As a UNESCO World Heritage site, Bokhara has an extensive collection of Islamic Architcture.
Photos above, from top, left to right:
1. Map of the Great Silk Road: this week I am traveling along it from Tashkent to Khiva (Uzbekistan) and next week from Turpan in Northwestern China to Dunhuang.
2. the Ark (it wasn’t just Noah’s): the ceremonial grounds to the Fortress required visiting dig arises to back out after having an audience with the Amir. When the guest reached the wall in front of the exit, he knew he could turn around and leave.
3 and 4: the Ark from the exterior: big voluptuous corner and side wall fortifications
5 and 6: Samonid Mausoleum, one of the earliest remaining buildings in Bokhara, built between 9th and 10th C. Purported to be a masterpiece of world architecture and a perfect geometric form built of brick. Beautiful texture, but looked a little bit like an Irish fisherman sweater.
7. Interior Corner of Samonid Mausoleum: corner elements cleverly reconcile weight of circular dome over walls by being slightly smaller in diameter than width of square.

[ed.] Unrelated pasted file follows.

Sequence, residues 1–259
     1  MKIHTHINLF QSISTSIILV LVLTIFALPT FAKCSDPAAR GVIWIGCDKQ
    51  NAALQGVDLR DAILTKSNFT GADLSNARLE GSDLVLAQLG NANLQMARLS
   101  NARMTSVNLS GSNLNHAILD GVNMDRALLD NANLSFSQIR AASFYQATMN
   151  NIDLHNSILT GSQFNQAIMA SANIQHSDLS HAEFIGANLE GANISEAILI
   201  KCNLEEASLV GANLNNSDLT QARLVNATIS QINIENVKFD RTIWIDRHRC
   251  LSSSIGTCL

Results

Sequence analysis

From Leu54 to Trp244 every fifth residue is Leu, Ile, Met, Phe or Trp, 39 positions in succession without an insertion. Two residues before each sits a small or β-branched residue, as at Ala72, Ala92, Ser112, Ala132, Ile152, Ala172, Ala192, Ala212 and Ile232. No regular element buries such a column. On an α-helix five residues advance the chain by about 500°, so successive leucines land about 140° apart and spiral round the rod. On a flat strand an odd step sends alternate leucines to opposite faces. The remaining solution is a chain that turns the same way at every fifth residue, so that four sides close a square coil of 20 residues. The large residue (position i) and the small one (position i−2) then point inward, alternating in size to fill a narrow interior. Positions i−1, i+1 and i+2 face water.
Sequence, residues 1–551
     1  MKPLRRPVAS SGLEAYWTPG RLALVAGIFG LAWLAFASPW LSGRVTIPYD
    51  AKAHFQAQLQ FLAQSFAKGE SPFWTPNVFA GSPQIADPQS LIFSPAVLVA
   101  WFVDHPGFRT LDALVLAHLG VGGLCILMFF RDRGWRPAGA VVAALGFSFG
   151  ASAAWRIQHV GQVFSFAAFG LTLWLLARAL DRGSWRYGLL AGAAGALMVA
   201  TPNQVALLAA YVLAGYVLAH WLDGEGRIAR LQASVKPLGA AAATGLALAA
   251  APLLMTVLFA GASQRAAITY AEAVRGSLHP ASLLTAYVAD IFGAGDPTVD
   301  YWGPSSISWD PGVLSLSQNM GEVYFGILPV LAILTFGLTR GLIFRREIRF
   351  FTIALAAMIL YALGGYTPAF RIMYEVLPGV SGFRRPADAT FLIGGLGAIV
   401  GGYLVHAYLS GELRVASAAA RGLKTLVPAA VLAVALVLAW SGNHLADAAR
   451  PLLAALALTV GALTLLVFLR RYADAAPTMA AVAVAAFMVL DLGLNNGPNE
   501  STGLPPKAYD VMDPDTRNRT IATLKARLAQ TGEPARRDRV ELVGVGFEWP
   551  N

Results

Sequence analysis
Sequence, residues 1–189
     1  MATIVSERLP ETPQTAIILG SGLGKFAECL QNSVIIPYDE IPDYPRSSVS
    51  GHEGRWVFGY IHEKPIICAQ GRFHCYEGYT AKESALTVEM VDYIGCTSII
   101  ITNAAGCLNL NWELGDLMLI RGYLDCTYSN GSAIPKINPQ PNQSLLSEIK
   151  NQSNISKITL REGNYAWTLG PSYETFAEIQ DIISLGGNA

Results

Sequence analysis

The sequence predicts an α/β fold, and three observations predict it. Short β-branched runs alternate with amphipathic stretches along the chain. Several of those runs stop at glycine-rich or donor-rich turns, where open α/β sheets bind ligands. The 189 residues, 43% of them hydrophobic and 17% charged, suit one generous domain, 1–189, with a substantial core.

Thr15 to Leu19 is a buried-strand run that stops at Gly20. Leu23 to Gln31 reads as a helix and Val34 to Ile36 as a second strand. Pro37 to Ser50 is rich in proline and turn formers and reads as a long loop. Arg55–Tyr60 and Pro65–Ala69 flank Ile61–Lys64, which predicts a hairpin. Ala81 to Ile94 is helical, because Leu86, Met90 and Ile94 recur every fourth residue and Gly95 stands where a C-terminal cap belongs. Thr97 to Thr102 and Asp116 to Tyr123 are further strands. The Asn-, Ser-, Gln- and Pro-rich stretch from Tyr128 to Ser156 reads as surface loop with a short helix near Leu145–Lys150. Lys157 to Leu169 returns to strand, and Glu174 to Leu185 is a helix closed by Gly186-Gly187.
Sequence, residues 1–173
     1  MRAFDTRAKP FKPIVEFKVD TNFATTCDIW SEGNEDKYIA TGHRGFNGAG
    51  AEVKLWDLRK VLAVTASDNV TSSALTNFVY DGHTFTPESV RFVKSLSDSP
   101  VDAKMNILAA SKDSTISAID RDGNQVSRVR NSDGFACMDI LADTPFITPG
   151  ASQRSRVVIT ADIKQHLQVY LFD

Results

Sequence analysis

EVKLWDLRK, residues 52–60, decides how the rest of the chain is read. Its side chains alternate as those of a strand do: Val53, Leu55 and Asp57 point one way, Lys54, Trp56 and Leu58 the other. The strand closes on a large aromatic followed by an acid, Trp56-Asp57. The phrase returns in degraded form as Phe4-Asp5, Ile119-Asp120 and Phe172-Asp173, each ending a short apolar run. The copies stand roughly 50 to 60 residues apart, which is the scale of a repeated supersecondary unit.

8. Samonid Mausoleum Tomb: both father, son, and grandson are buried in the tomb. he father’s tomb was originally in the middle, and the grandson was the third tomb, but they were they were all moved into one tomb and thus the offset position.
9. Kalyan Mosque is the largest mosque in Bokhara and second largest in Uzbekistan. The old wood columns are typical of the period and were periodically replaced.
10. Kalyan Mosque: Praying is conducted outside due to the mosque’s popularity. On Fridays, the mosque can hold up to 12,000 people. A electronic board indicates the times of prayer.
11,12, and 13: Courtyard and surrounding galleries of the Kalyan Mosque. (Header also shows overview of Courtyard, where worshippers pray)
14. Medressee Miri-Arab Madrasah: Opposite the Kalyan Mosque, this highly regarded spiritual Islamic University was built in the 16th C.
5 thoughts on “Day 45 (a): Bokhara II”
Peter, the guide mentioned that a lot of the work was done by Armenians, who were considered some of the best craftsmen at that time. Also, I thought you might have seen similar work in Egypt? Or would they only be in Iran and Iraq? Now I’m wondering how those countries compare.
I have see many similar mosques and other buildings in Iran and Egypt but I have (sadly) no idea whether Armenians were involved. To my knowledge, they generally tended to be merchants (and were thus despised…). Perhaps you should exend your travels and head to Cairo and Tehran…
when you will be in Honkers?